A stop at the Cheshire post office on Route 1 would only be used on demand. That alleviated some of the concern raised by Richard Greene about safety issues with the large bus exiting from Richardson Street in Cheshire on its northbound runs. Malnati said they would look into a turnaround to have the bus return to Route 8 at the light on Church Street if it stops at the post office.

The Route 7 bus, which is subsidized in part by Williams College to provide access for its students to local schools and Pittsfield, may be discontinued or reduced to only morning and afternoon because of low ridership. Malnati said the route would be weighed at the end of the month when the numbers are in.

He also said off-service buses, those ending or starting their shifts, could be become active. It didn't make sense for a bus ending its run by going to Pittsfield, or starting by leaving Pittsfield, not to carry passengers.

Those attending did not have any comments specifically opposed to the route change but did warn that the BRTA may run into some problems.

Kenneth Birck, also a regular rider, said switching to a smaller bus could cause congestion at the beginning of the month because many people were doing their shopping at Walmart.

"Even the big buses get busy on the first of the month at Walmart," he said, especially with the added number of people using wheelchairs. "You're ridership is way up ... first of the month you see a huge increase in ridership."

Sarkis said the bus drivers are often in a situation where someone in a wheelchair or with too many items has to be left behind for the next bus.

"That poor driver is trying to be courteous but someone gets left behind," she said. "During that first part of the month, you might want to have the big bus."

They also suggested having a backup vehicle. Those who are eligible for paratransit don't always use it because of the cost, said Birck.

"That's something we're going to have to wrestle with. Do we need another bus and where would we stage it?" Malnati said.

There were also questions on small amounts left on Charlie Cards that bus drivers can't accept; those can be brought to the Intermodal Center in Pittsfield to be combined or added to. Malnati said the BRTA has no control over the administration of the cards.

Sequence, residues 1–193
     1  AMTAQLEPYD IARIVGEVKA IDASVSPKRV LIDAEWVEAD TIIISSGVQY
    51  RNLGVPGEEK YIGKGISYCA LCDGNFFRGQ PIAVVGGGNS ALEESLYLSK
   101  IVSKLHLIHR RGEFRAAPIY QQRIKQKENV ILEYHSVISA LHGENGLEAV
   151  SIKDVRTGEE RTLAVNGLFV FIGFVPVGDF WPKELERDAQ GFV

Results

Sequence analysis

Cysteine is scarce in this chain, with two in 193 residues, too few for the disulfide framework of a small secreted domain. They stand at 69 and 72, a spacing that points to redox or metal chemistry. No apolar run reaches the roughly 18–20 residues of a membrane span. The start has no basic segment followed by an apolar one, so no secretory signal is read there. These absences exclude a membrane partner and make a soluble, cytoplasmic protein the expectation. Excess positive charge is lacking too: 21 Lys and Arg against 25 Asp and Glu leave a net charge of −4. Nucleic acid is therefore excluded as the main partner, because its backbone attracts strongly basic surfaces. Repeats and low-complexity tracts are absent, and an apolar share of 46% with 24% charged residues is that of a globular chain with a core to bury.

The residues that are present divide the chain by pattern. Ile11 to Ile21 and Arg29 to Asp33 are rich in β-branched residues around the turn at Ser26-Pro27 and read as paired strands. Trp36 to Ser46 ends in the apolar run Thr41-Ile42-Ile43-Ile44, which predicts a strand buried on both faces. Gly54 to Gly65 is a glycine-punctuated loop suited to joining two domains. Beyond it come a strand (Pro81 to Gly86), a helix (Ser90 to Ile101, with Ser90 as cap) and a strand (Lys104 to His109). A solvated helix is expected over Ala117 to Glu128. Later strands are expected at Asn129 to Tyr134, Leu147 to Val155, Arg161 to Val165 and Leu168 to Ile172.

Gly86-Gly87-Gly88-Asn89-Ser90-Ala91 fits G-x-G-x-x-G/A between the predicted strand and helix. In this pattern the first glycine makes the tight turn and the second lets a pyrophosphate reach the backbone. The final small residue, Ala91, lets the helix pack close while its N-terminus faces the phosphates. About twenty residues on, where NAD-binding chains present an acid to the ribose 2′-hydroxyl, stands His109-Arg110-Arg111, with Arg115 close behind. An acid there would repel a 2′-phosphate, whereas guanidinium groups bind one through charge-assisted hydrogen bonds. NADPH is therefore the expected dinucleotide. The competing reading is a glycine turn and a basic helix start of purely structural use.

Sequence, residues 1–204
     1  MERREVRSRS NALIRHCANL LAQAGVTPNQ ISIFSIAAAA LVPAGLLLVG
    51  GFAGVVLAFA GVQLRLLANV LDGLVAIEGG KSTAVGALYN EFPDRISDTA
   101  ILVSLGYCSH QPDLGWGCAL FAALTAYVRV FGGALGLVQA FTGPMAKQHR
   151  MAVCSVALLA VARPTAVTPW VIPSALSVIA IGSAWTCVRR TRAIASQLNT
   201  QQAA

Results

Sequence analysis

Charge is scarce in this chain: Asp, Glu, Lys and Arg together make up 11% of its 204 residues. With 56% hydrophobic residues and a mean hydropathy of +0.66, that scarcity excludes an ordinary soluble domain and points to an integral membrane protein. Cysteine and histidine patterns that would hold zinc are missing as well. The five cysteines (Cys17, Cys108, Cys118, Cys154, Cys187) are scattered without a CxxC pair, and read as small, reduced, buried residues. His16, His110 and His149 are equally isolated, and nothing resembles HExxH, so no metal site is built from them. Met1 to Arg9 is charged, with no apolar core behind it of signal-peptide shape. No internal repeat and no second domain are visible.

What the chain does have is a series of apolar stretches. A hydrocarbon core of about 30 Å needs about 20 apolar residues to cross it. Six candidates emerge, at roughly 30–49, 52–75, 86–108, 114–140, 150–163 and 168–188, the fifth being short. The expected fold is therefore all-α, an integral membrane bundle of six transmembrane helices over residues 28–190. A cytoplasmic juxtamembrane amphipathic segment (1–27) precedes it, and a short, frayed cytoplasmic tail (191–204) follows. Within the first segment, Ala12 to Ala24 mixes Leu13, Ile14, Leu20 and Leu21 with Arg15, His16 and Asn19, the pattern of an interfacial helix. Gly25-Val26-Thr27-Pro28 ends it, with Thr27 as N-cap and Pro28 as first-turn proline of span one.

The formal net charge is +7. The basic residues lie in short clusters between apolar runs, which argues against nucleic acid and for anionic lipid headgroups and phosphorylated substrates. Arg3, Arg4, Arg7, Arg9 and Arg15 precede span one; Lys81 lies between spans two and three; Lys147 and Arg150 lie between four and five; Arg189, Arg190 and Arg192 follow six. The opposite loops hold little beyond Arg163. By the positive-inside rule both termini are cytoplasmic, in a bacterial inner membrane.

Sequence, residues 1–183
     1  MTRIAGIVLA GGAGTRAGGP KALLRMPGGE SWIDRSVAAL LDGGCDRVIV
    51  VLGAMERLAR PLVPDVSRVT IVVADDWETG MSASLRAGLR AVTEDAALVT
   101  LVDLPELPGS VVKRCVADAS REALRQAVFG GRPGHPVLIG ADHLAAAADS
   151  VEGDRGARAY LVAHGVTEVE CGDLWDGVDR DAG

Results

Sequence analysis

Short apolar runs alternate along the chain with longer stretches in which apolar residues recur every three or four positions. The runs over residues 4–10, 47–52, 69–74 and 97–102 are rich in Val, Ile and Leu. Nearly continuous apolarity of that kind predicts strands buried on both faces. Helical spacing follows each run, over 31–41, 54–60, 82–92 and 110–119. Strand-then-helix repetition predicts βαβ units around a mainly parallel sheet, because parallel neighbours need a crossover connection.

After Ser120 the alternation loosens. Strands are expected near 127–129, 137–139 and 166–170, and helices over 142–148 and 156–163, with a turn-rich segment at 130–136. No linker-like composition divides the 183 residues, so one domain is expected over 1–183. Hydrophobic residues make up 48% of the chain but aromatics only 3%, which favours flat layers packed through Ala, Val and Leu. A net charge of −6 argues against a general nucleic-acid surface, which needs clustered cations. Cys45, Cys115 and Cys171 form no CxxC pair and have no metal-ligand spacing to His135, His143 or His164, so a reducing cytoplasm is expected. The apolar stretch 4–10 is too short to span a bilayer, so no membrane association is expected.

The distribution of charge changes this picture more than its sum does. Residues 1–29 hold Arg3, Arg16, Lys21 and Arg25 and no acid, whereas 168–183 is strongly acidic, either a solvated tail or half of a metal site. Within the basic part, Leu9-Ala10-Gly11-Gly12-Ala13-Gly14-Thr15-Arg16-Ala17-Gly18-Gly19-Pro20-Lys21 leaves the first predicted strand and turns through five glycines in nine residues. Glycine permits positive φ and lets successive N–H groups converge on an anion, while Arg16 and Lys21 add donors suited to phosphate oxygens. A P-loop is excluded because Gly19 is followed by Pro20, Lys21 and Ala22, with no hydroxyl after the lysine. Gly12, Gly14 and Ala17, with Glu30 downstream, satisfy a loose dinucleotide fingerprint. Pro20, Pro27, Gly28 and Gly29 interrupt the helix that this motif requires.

People are also bringing their bikes more, which Malnati said was a good thing but which, at the same time, illustrated that the BRTA wasn't serving some populations because they needed bikes to get home because no buses were running. The authority now has two-bike racks on buses and is looking at installing three-bike ones.

Malnati also plans to ask the general manager about adding a transfer point in Allendale in Pittsfield because riders now have to go back to the Intermodal Center to pick up Route 1 back to North Adams.

Several people also encouraged the BRTA to have more information posted on buses to let riders know what was happening and said drivers should be able to provide updated information.

Both Birck and Sarkis said BRTA drivers, in general, were a conscientious and friendly group who often know their riders and their families.

"There's a genuine caring there," Sarkis said, calling the daily riders and drivers a kind of family. "They care about what's going on in our life."

Tags: BRTA,   bus routes,   public hearing,   

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Drury Students Take Lead in Healey's Violence Prevention Program

By Tammy DanielsiBerkshires Staff

Mayor Thomas Bernard, left, Else Yannett of the AG's office, AG Maura Healey and Sandy Hook Promise's Mark Barden listen to a student. 
NORTH ADAMS, Mass. — Student leaders at Drury High School are trying to be the change they envision to create a world that's friendlier, more supportive and focused on positive achievements. 
Sixteen students from varying sectors of the school were selected to offer their perspectives to Attorney General Maura Healey and Sandy Hook Promise co-founder Mark Barden on their efforts and what more could be done. The roundtable in a high school classroom with students and local officials on Monday morning marked the launch of Healey's violence prevention initiative. 
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The AG's partnership with Sandy Hook Promise will provide mental health and violence prevention training to some 140,000 students and teachers in Massachusetts. Among them is the middle and senior high school that adopted some of the nonprofit Sandy Hook Promise's programs last year.